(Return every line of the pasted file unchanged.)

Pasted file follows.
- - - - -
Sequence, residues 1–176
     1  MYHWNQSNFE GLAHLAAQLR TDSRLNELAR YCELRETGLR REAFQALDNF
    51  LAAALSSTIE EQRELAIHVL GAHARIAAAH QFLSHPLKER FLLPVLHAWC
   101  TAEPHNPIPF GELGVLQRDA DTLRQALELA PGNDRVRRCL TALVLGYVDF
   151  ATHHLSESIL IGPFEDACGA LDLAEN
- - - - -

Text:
Sequence, residues 1–176
     1  MYHWNQSNFE GLAHLAAQLR TDSRLNELAR YCELRETGLR REAFQALDNF
    51  LAAALSSTIE EQRELAIHVL GAHARIAAAH QFLSHPLKER FLLPVLHAWC
   101  TAEPHNPIPF GELGVLQRDA DTLRQALELA PGNDRVRRCL TALVLGYVDF
   151  ATHHLSESIL IGPFEDACGA LDLAEN